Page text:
The value of a Lee Reynolds painting can be determined using the same process as any other work of art, by analyzing certain aspects of the piece, including condition, subject matter and rarity. These are compared to auction market standards to find an appropriate price.
In order to value an artwork, the seller or appraiser must evaluate similar works and their sales prices. It's especially important to find these comparables if the artist in question has sold a large number of works at auction. In these cases, it's easy to find an average price for a work fitting certain parameters of size, medium and subject matter.
If the artist has not sold many works at auction, this indicates that his work has a high rarity. However, this is only a good thing if there is also a lot of demand for that artist. Even an artist who sells a lot of art might be in high enough demand to still be worth a lot of money. For example, there is great demand for the works of Picasso, so even though a large amount of Picasso's works sell at auction, they are still priced high. However, works by Picasso from his Blue Period are even more expensive, because they very rarely appear at auction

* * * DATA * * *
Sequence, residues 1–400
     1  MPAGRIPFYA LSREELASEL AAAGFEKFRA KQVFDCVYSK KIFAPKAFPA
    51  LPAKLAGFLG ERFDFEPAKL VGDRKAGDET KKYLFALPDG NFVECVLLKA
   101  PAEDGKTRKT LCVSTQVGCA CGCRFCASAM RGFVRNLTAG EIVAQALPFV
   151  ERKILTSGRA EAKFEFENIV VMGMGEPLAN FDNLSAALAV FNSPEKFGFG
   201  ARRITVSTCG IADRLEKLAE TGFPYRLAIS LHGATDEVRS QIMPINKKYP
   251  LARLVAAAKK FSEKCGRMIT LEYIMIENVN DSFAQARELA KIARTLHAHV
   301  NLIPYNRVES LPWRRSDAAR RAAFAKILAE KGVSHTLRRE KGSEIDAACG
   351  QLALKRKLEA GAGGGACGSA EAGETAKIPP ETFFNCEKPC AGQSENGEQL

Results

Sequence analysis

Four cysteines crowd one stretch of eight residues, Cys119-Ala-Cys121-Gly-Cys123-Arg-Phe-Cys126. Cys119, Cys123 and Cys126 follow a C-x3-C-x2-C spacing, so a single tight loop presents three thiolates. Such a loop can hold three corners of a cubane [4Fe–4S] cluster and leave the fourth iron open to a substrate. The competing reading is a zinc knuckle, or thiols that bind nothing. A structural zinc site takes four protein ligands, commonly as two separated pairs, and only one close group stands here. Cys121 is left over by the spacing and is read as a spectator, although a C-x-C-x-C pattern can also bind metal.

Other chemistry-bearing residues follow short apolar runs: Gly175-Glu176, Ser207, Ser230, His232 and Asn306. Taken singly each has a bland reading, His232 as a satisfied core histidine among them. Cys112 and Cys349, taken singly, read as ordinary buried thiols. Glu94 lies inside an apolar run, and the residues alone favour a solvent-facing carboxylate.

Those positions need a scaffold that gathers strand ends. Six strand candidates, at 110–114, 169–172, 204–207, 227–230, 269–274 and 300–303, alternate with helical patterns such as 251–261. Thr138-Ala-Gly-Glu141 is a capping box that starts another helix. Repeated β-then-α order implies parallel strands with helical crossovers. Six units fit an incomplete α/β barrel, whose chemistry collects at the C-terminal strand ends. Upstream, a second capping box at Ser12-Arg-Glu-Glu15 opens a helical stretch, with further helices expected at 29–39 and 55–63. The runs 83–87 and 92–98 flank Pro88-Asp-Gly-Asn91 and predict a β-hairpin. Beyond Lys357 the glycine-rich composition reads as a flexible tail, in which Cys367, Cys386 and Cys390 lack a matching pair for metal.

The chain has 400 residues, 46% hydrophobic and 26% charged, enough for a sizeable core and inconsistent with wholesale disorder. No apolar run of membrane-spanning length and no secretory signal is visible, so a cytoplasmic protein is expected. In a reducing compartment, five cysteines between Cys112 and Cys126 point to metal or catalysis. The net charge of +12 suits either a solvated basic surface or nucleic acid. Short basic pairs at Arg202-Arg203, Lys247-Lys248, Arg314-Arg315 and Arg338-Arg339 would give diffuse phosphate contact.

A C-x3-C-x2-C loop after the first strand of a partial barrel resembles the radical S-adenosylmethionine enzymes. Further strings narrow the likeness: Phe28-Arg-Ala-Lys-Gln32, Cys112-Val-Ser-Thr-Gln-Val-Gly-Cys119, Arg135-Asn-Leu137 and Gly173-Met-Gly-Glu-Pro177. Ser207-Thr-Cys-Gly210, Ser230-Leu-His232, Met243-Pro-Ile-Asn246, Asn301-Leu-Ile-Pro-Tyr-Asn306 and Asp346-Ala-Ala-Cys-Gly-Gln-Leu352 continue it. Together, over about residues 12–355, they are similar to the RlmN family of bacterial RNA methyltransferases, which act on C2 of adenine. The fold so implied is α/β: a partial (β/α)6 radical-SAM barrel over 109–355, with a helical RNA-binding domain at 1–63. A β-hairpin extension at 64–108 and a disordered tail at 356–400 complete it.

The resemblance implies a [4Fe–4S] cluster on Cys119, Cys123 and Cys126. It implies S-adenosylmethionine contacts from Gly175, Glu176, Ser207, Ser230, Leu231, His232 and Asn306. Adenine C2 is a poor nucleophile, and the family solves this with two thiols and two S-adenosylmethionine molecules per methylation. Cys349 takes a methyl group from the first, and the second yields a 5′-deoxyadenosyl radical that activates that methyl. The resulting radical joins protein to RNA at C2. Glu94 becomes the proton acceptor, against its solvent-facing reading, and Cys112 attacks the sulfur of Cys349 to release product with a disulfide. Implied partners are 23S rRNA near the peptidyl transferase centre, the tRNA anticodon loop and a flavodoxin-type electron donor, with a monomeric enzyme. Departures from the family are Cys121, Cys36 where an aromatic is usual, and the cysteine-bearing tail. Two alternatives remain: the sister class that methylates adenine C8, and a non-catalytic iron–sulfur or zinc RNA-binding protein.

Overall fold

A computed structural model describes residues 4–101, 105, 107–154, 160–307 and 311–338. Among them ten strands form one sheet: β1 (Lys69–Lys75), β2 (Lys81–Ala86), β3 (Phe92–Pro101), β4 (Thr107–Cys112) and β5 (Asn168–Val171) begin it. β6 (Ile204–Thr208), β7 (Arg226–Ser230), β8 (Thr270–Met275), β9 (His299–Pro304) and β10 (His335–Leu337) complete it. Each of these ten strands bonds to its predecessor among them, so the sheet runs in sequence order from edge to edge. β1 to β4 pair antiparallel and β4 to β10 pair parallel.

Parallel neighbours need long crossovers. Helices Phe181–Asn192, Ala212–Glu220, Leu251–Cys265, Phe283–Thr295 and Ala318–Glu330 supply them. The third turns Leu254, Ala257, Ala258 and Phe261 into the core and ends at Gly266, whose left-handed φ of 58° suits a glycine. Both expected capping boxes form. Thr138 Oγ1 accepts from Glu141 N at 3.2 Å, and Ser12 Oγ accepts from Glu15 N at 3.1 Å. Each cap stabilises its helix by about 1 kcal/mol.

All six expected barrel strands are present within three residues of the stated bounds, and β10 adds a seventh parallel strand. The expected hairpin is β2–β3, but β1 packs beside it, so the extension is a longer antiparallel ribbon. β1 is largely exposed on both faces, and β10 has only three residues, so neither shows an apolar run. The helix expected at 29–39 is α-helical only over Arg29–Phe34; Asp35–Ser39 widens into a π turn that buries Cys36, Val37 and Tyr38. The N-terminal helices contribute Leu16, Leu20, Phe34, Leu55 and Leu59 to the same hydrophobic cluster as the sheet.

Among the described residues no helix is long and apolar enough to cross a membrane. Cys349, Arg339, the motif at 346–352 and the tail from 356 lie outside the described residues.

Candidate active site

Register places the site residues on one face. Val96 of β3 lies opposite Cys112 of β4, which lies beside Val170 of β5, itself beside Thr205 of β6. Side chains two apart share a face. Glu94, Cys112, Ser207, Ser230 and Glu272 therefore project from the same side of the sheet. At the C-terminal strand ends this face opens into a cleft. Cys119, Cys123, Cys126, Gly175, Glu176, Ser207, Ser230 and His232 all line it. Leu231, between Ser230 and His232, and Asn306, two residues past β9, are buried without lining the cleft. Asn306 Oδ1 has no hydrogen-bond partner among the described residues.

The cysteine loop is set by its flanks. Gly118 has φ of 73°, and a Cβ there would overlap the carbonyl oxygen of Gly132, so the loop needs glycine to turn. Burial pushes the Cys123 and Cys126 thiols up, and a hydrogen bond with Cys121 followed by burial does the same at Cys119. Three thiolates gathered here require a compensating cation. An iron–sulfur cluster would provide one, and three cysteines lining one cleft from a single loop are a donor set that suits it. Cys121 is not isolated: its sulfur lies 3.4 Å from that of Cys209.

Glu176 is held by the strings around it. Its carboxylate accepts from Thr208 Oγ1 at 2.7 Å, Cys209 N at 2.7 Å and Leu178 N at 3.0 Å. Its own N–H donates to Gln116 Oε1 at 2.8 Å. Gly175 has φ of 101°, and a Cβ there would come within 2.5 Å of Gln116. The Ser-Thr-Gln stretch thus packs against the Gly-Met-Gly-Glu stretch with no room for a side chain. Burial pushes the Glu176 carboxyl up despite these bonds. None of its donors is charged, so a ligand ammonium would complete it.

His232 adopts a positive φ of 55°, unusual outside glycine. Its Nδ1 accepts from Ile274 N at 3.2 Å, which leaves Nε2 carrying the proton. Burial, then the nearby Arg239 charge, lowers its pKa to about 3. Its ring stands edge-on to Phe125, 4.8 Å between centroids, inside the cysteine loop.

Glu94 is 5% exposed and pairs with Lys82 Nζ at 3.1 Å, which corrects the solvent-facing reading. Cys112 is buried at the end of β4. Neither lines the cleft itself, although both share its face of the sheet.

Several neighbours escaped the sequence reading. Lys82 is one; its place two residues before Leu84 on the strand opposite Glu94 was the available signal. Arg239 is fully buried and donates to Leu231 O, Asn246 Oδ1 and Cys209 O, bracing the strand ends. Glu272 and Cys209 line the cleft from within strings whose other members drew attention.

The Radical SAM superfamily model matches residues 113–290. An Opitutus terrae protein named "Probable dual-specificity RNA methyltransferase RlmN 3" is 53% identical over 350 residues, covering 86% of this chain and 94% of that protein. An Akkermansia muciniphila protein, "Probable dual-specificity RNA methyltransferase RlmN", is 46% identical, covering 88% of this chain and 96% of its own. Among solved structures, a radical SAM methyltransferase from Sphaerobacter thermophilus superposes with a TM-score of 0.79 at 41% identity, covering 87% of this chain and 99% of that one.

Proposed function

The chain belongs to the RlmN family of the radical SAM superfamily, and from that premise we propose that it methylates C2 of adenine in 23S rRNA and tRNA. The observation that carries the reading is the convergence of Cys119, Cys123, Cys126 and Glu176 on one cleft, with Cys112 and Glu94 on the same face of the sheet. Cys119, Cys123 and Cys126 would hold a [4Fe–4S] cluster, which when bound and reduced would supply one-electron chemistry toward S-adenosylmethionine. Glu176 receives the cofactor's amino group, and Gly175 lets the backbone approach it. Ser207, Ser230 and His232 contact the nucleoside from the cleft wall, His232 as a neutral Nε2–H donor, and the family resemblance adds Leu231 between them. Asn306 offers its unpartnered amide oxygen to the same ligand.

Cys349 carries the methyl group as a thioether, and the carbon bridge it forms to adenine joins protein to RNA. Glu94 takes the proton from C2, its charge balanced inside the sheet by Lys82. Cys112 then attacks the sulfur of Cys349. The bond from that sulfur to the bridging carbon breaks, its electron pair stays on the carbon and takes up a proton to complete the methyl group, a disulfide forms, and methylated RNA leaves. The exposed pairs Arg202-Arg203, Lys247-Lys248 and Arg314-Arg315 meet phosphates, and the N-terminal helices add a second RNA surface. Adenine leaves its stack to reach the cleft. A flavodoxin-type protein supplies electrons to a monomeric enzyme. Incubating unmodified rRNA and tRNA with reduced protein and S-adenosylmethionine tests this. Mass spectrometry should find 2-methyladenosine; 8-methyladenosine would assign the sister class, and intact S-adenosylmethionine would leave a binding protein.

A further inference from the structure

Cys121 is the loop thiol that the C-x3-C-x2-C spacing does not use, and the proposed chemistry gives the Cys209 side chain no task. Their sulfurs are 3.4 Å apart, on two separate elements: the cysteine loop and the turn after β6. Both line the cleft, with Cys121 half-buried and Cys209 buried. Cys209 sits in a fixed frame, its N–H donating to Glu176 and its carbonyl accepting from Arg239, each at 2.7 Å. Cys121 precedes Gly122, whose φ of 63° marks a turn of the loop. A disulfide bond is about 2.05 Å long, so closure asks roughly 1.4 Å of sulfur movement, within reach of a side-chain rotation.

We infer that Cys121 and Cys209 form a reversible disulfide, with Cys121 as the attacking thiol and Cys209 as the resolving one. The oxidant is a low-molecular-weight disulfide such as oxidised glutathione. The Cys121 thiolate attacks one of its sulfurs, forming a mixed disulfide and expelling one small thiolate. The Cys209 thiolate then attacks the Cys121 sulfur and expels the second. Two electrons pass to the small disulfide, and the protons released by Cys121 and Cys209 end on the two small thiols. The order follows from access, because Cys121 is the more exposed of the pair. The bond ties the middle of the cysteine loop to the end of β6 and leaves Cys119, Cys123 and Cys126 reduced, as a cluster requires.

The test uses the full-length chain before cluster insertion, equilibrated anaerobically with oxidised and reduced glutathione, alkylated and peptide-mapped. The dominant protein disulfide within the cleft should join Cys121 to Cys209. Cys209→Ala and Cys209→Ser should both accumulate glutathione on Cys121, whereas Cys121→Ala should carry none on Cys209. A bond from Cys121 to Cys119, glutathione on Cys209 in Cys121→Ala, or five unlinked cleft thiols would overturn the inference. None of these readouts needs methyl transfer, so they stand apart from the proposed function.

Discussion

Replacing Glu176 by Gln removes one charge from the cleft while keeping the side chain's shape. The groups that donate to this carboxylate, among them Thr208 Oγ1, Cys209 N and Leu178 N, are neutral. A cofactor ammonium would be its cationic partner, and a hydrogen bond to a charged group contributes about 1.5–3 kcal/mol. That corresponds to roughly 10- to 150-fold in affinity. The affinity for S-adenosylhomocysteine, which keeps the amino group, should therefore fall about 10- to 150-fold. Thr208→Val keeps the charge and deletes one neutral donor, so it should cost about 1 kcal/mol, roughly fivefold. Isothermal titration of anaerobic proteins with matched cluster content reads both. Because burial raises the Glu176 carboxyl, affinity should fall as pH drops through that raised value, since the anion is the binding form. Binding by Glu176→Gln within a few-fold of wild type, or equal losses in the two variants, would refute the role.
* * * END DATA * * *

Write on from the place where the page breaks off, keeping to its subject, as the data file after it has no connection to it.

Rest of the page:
Lee Reynolds, whose real name was Lee Reynolds Burr, was one of the first artists to explore the mass production of artworks. At his Vanguard Studios in the mid 1960s, he allowed students to copy his paintings and sign them as "Lee Reynolds." These paintings usually depicted inoffensive, even banal subject matter, and were painted specifically to sell to a mass market. All these factors mean that paintings by Lee Reynolds are neither rare nor in demand as of 2015, and are therefore not worth very much.